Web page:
I think we can see that Paul and James are not really contradicting one another.
And this insight has led to a lot on ecumenical harmony today between Catholics and Lutherans.

All of this leads me to think of Pope Francis’ interview with the Italian journalist who is a non-believer, probably an agnostic.
Pope Francis said to him: “We meet together in doing good.”  
Minimally, Pope Francis is saying that we believers and non-believers can find oneness in doing good for others.
Beyond that, he may also be saying that there might be an implicit faith, an anonymous faith in some non-believers that in fact leads them to do maybe the same good things we do.
Maybe that implicit faith can become explicit and alive by our doing good together.
And maybe as a final point, we who are believers must beware not to make faith just a matter or ritual or of believing a list of truths.

If we tend our relationships well and care for those in need, all based on our faith in the Lord and on the strength we get from the sacraments, then we create an environment that is conducive and leads to faith.

Tuesday of the 6th Week of Ordinary Time, Cycle A - February 18, 2014

Tuesday of the 6th Week in Ordinary Time

February 18, 2014   8:30am

Our first readings beginning with yesterday’s Mass are from the Letter of Saint James.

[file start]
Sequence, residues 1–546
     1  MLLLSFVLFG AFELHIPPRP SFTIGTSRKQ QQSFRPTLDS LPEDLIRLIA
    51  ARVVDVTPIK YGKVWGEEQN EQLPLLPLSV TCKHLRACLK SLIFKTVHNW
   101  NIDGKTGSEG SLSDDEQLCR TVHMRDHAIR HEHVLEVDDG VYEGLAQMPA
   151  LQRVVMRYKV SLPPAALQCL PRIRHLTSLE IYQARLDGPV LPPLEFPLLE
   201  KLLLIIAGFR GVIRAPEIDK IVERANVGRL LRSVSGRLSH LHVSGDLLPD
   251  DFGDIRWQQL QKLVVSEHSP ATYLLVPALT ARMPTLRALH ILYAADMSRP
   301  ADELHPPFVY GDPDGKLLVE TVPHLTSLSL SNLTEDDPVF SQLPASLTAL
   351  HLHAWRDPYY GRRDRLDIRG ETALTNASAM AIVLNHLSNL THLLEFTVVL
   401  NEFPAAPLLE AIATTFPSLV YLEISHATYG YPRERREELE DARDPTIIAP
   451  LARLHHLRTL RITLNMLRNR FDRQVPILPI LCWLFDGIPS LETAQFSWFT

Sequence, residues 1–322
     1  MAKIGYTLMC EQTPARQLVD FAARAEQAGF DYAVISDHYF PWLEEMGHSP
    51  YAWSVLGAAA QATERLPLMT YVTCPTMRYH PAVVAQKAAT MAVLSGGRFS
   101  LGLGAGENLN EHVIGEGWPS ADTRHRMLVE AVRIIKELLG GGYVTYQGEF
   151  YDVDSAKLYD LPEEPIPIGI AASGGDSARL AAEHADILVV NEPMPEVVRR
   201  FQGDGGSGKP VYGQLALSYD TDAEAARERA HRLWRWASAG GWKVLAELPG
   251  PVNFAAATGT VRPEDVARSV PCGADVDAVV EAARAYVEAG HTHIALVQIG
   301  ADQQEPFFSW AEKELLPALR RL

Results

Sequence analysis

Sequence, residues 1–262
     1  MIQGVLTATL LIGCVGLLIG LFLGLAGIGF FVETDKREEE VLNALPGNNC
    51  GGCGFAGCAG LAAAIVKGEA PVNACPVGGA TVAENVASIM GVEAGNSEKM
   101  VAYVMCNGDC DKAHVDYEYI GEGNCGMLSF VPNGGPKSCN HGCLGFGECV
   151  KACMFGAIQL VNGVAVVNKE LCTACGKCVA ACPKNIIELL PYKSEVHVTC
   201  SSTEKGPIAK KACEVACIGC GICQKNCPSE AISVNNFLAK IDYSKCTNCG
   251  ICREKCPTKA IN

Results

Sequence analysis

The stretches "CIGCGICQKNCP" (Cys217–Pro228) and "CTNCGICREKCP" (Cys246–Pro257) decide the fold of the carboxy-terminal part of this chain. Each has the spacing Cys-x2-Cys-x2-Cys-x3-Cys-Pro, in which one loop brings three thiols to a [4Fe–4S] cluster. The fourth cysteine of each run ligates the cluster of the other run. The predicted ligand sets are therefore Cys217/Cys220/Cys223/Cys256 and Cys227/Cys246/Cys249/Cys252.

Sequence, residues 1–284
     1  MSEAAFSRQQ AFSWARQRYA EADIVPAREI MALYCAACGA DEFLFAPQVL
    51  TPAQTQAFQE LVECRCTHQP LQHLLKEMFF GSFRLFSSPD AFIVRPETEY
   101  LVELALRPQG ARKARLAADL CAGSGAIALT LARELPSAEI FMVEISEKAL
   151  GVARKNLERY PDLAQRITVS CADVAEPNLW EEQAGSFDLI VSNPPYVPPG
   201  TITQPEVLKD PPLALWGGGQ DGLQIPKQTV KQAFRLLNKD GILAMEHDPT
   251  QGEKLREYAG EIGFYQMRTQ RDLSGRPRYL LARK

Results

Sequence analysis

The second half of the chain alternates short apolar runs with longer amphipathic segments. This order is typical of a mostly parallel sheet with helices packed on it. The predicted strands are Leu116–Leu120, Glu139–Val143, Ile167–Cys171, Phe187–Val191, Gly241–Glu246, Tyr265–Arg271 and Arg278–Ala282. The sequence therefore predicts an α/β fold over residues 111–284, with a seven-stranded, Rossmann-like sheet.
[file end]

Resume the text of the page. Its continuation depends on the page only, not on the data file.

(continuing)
In these opening verses, James talks of perseverance.
Yesterday, he says: “Let perseverance be perfect, so that you may be perfect and complete.”
Today James says: “Blessed is he who perseveres in temptation.”

Perseverance may not be an easy trait in our culture.
We are used to instant gratification, quick results, and easy solutions.
To persevere means putting up with some stuff we don’t like.
It means hanging in there to accomplish something.
All of this can be difficult in our culture.

But, this kind of perseverance is needed for us to become whole and holy persons, as James says.
As I see it, we need perseverance for two reasons.

First, we change and grow slowly.
That is simply a fact of human life.
We may, for example, want to get hold of our habit of talking about others or our impatience or whatever the habit may be.
But we have to keep working on it and allowing the Lord to work in us for us to grow out of that and most often that takes a long time.

We also need perseverance because sometimes we are acting out of past experiences that we may not even know are influencing us.
It may take time to discern, for example, past hurts that have affected us and affected how we view and react to things.
Sometimes we need the wise counsel of another to even be aware of this.
And then we need time to grow through this.

So, perseverance is a virtue that James lifts up in this opening chapter of his letter and it is a virtue that we definitely need in our culture today.

Monday, February 17, 2014

Tuesday of the 5th Week of Ordinary Time, Cycle A - February 11, 2014

Tuesday of the 5th Week in Ordinary Time
Memorial of Our Lady of Lourdes
February 11, 2014         6:30am

I recently came across a study that has caught my attention.